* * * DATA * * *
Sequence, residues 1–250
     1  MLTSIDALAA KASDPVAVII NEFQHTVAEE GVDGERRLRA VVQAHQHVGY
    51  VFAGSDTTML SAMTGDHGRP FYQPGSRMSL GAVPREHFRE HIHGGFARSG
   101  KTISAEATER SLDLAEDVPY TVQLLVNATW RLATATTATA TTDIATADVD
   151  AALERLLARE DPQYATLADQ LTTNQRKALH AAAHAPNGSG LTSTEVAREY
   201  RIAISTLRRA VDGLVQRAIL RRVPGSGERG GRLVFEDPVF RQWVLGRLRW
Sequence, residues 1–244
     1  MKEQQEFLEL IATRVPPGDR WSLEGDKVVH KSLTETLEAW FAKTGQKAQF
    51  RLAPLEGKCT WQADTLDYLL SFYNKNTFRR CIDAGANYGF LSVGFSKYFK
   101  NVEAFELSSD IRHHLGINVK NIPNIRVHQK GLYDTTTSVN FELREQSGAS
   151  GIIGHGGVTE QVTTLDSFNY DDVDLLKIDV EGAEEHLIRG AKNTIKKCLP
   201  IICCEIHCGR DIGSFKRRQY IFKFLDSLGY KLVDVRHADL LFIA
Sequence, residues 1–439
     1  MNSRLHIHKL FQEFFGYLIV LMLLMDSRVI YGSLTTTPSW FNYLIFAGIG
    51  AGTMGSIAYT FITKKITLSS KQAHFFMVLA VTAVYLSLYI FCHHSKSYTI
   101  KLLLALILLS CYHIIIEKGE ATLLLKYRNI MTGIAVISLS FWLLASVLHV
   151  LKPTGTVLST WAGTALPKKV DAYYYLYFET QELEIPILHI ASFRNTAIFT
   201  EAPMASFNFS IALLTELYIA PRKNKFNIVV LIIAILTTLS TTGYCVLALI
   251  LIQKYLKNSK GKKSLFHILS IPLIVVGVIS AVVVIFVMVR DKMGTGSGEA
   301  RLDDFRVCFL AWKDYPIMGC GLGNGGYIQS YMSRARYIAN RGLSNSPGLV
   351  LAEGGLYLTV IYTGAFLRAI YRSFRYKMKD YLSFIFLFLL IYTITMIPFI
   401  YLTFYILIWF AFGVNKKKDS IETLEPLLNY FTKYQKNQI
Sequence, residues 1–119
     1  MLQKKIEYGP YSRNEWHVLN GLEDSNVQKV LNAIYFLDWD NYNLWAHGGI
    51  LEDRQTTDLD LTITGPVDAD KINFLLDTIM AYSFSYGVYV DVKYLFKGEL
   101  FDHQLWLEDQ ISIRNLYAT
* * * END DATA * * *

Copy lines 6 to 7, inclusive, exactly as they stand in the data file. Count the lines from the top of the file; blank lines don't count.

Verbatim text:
   201  RIAISTLRRA VDGLVQRAIL RRVPGSGERG GRLVFEDPVF RQWVLGRLRW
Sequence, residues 1–244